CAT-EYES are never out of fashion!

Sonntag, 1. Juli 2012

Schon Leinwandgöttinnen wie Liz Taylor, Audrey Hepburn, Brigitte Bardot oder Sophia Loren schwörten auf den CAT-EYE Look (privat und beruflich). You should too! Mit den richtigen Tricks, Produkten und ein bißchen Übung kanns schon los gehen! Mein absoluter Lieblings-Makeup Look ist auch auf den Runways nicht mehr wegzudenken!

Egyptian Magic
Forget the enormous budget, on-set squabbles, and that epic running time. Joseph L. Mankiewicz's Cleopatra made makeup history, featuring Elizabeth Taylor at the height of her fame, wearing thick streaks of liner on the top and bottom of her eyes that came to a tapered point far past the outer corners. For once, it wasn't the screen legend's famously full brows that stole the show. 

Wings of Desire
Audrey Hepburn also deserves credit for popularizing the winged liner look as Holly Golightly in 1961's Breakfast at Tiffany's. The actress was blessed with dark velvet eyes that tilted up naturally at the outer corners, making her a perfect poster child for the thin, flicked line. Her on-set makeup artist on the iconic film, Wally Westmore, reportedly alternated brown and black liner with shadow, depending on whether they were shooting day or night scenes.

La Bella Donna
Sophia Loren was fond of applying black liner slightly beyond her eyes, even angling the tip down subtly to accentuate her natural almond shape. Piles of mascara completed her signature va-va-voom look, which was the subject of an homage at Dolce & Gabbana's molto italiano Spring show.

…And God Created Bardot
Brigitte Bardot rimmed her cat-shaped eyes with thick black pigment, applying layer after layer of liner, with an uptick equal to the width of a pinky finger. Decades later, the blonde bombshell is still the go-to example for looking sexy without trying too hard.

Mod Squad
Mad Men
has cemented our modern obsession with all things sixties, including cat-eyes. Lana Horochowski, the show's head makeup artist, relies on pots of MAC's Fluidline liner in Blacktrack and individual lashes applied at the corners to faithfully re-create Christina Hendricks' retro style. 

Très Jolie
Angelina Jolie's cat-eye looks dark and vampish one moment, then refined and polished the next. The trick is in the angle of the flick—a straighter line conveys grace while a harder, curled edge befits her Oscar-winning, blood vial-drinking days circa 2000.

Strokes of Genius
The late Amy Winehouse didn't do anything subtly, and that includes her eye makeup. The singer's overdrawn cat-eye was impossibly thick, piled with sooty shadow that touched her brows at times, and managed to look cool even when streaked and runny following her heart-pounding live performances.

Kate the Great
Kate Moss recently revealed that her 9-year-old daughter "likes the fresh-faced, natural mummy," but we prefer our Kate with her signature black liner intact and drawn on with a slight, imperfect tip. Except, that is, when makeup artist Pat McGrath is doing the scrawling, as was the case backstage at Louis Vuitton last season. Pure perfection.

Sideways Glances
Unhinged housewives from the fifties inspired the striking cat-eyes at Jonathan Saunders' Spring 2012 show, where lead makeup artist Lucia Pieroni stroked on MAC's Fluidline in Blacktrack using its tapered #263 Small Angle Brush. The curving lines were so extended they could be seen from the sides of the models' faces.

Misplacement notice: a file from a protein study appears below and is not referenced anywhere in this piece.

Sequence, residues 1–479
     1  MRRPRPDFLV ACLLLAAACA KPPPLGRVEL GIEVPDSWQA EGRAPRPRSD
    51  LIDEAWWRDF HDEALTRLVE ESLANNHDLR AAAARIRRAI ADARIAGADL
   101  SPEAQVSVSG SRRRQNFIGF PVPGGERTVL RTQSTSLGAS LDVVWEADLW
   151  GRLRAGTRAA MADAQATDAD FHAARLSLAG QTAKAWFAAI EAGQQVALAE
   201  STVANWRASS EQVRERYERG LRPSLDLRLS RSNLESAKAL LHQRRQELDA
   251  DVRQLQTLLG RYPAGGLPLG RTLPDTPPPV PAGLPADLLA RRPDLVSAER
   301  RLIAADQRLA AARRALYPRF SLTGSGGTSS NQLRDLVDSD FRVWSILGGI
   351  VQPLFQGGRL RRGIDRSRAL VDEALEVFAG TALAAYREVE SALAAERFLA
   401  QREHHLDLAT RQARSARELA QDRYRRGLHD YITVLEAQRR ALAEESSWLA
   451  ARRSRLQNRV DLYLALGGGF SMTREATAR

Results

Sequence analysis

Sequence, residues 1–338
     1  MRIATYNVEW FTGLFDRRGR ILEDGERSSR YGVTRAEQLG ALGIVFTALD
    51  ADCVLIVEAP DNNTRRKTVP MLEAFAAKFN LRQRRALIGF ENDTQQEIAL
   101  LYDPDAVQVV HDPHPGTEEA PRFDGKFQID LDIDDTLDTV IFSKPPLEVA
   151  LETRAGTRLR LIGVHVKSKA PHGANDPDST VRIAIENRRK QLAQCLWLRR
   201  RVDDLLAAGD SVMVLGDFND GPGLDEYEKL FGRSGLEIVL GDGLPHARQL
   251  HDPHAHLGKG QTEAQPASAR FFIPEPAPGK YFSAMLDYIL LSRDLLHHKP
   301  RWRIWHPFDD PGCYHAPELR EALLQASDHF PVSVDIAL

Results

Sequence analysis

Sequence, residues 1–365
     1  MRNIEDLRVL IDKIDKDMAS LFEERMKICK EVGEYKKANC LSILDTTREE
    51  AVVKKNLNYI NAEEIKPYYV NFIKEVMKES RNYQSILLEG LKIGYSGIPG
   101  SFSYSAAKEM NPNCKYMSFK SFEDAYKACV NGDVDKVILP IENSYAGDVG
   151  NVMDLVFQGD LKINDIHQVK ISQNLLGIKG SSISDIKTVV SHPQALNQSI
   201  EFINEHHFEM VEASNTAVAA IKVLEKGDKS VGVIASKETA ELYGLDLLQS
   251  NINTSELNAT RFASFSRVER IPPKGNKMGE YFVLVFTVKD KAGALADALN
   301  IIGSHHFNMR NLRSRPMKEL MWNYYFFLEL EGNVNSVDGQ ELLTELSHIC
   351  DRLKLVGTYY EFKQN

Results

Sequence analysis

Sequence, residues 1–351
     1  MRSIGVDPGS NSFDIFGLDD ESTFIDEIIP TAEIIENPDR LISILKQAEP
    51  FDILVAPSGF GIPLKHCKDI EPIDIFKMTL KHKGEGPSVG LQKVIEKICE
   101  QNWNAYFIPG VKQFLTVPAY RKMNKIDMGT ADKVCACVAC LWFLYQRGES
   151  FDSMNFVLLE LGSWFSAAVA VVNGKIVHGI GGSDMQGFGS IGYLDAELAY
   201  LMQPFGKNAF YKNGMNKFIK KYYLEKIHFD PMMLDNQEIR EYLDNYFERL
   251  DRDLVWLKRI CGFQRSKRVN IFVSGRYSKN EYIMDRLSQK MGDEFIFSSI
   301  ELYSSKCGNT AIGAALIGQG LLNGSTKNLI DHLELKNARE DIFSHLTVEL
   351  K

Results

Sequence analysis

Ciao, Bella
Backstage at Dolce & Gabbana, the brand's The Make Up color consultant, Pat McGrath, channeled Sophia Loren with a glamorous winged design, using a quarter strip of faux lashes and multiple coats of mascara to ensure the final look was true to the screen siren's original style. 

Seeing Double
Giorgio Armani international makeup artist Linda Cantello provided her own update for Spring, scrawling not one but two iridescent black flicks onto lids at Giorgio Armani for lines that glowed like "watery reflections." 

Stuck on You
If wielding a pen isn't your thing, Dior's new Velvet Eyes is the way to go. Packed with four different designs, the "stickers" adhere to the lash line to mimic the look of a cat-eye. Dior makeup artist Ricky Wilson says the trick for proper application is "getting them as close to the natural lash line as possible." The reusable patches go on with false lash adhesive glue. "Wave it around for a few seconds so the glue becomes a bit tacky, and then place on the eye, smoothing over any creases with a Q-tip."

Go Long
Cantello's pro technique involved stenciling two layers of Armani's black Smooth Silk Eye Pencil in No. 4 along the upper lash lines, topped with a blackened green shadow to add depth. Then, she traced a half-moon arc with Armani's black Maestro Liquid Eye Liner in No. 1 above the crease, leaving the middle blank and blurring the edges together for a double-extended effect that "truly makes the eye look longer."
Liquid Assets
There's no shortage of new liners on the market, but Hourglass artistic director of makeup Gina Brooke is "obsessed" with liquid formulas. "Having a liner that doesn't tug or drag on the skin is crucial for getting the perfect winged effect," Brooke says, extolling the virtues of the brand's new Script Precision Liquid Liner, which has one of the smallest felt tips around, measuring in at a wee 0.5 millimeters. Lancôme's new Artliner, with its super-fine foam tip, and Peter Thomas Roth's new Lashes to Die For The Liner, which contains a peptide-infused formula that enhances the natural length and thickness of your  lashes while lining your lids, are also good bets.

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